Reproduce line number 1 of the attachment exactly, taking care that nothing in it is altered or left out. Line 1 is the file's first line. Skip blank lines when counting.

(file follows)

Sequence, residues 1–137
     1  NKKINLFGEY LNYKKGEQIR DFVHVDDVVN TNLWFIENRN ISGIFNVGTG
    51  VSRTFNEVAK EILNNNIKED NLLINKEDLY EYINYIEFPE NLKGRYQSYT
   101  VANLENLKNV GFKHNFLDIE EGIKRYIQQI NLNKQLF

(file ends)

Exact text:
Sequence, residues 1–137